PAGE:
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Disease Profile


Prevalence estimates on Rare Medical Network websites are calculated based on data available from numerous sources, including US and European government statistics, the NIH, Orphanet, and published epidemiologic studies. Rare disease population data is recognized to be highly variable, and based on a wide variety of source data and methodologies, so the prevalence data on this site should be assumed to be estimated and cannot be considered to be absolutely correct.


US Estimated

Europe Estimated

Age of onset





Autosomal dominant A pathogenic variant in only one gene copy in each cell is sufficient to cause an autosomal dominant disease.


Autosomal recessive Pathogenic variants in both copies of each gene of the chromosome are needed to cause an autosomal recessive disease and observe the mutant phenotype.


dominant X-linked dominant inheritance, sometimes referred to as X-linked dominance, is a mode of genetic inheritance by which a dominant gene is carried on the X chromosome.


recessive Pathogenic variants in both copies of a gene on the X chromosome cause an X-linked recessive disorder.


Mitochondrial or multigenic Mitochondrial genetic disorders can be caused by changes (mutations) in either the mitochondrial DNA or nuclear DNA that lead to dysfunction of the mitochondria and inadequate production of energy.


Multigenic or multifactor Inheritance involving many factors, of which at least one is genetic but none is of overwhelming importance, as in the causation of a disease by multiple genetic and environmental factors.


Not applicable


Other names (AKA)

Laryngomalacia congenital; Congenital laryngomalacia; Congenital laryngeal stridor


Congenital and Genetic Diseases; Ear, Nose, and Throat Diseases


Laryngomalacia is an abnormality of the voice box (larynx) that leads to the inward collapse of the airway when air is drawn into the lungs (inspiration). It usually becomes apparent at birth or shortly after birth. The most common symptom is noisy breathing (stridor) that is often worse when the infant is on his/her back or crying. In more severe cases, symptoms may include difficulty breathing with the chest pulling inward (retraction), poor weight gain from difficulty feeding, apnea, and cyanosis. The underlying cause of the condition is unknown. Most cases occur sporadically in people with no family history of the condition. In 90% of affected infants, laryngomalacia will resolve on its own by the time an infant is 18 to 20 months old. However, severe cases may require immediate medical treatment such as medication or surgery.[1][2][3]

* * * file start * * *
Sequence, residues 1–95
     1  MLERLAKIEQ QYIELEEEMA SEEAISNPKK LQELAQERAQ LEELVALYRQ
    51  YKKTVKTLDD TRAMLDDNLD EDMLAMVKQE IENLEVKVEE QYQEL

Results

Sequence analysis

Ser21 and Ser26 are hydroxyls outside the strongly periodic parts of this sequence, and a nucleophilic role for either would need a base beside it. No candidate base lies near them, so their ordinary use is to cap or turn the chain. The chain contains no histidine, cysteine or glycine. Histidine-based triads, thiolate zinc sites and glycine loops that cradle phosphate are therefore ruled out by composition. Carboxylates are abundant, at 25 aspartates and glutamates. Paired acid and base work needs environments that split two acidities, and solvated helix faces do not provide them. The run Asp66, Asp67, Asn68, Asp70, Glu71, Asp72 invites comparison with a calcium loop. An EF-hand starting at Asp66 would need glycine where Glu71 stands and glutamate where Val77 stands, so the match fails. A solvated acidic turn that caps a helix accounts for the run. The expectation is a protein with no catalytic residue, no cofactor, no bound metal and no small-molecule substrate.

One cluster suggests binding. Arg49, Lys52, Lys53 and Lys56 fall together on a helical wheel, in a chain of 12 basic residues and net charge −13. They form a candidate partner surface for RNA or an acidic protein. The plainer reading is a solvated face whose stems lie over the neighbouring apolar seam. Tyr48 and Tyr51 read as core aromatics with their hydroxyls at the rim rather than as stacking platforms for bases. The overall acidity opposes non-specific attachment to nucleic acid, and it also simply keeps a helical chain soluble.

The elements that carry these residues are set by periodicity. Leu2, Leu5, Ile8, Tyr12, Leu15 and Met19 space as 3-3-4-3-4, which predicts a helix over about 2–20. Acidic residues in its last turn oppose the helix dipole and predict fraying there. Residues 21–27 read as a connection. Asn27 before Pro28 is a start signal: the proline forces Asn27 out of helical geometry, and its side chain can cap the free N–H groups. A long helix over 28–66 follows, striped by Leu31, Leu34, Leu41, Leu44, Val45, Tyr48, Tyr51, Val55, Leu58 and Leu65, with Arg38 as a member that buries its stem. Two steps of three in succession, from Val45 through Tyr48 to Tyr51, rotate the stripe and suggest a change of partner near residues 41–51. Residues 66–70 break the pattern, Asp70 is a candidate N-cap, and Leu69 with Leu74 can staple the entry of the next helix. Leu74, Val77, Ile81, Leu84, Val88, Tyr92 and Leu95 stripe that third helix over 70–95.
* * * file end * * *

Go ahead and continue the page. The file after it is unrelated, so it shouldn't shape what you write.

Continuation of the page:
Signs and symptoms of laryngomalacia typically begin at or shortly after birth, with the average age at presentation approximately 2 weeks. The condition is primarily characterized by noisy breathing (stridor) that may be worse when the baby is agitated, feeding, crying or sleeping on his/her back. However, in severe cases, inward pulling of the chest muscles (sternal or intercostal retraction), apnea, cyanosis or significant respiratory distress may be the initial symptom. Feeding difficulties are also common in infants with laryngomalacia and may result in poor weight gain or lead to failure to thrive. Many infants with laryngomalacia are also diagnosed with gastroesophageal reflux. The baby's cry is generally normal, unless laryngitis is present due to reflux.[1][2][3]

This table lists symptoms that people with this disease may have. For most diseases, symptoms will vary from person to person. People with the same disease may not have all the symptoms listed. This information comes from a database called the Human Phenotype Ontology (HPO) . The HPO collects information on symptoms that have been described in medical resources. The HPO is updated regularly. Use the HPO ID to access more in-depth information about a symptom.

Medical Terms Other Names
Learn More:
80%-99% of people have these symptoms
Abnormality of the voice
Voice abnormality
Softening of voice box tissue
30%-79% of people have these symptoms
Cleft palate
Cleft roof of mouth
Non-midline cleft lip
Percent of people who have these symptoms is not available through HPO
Abnormal trachea morphology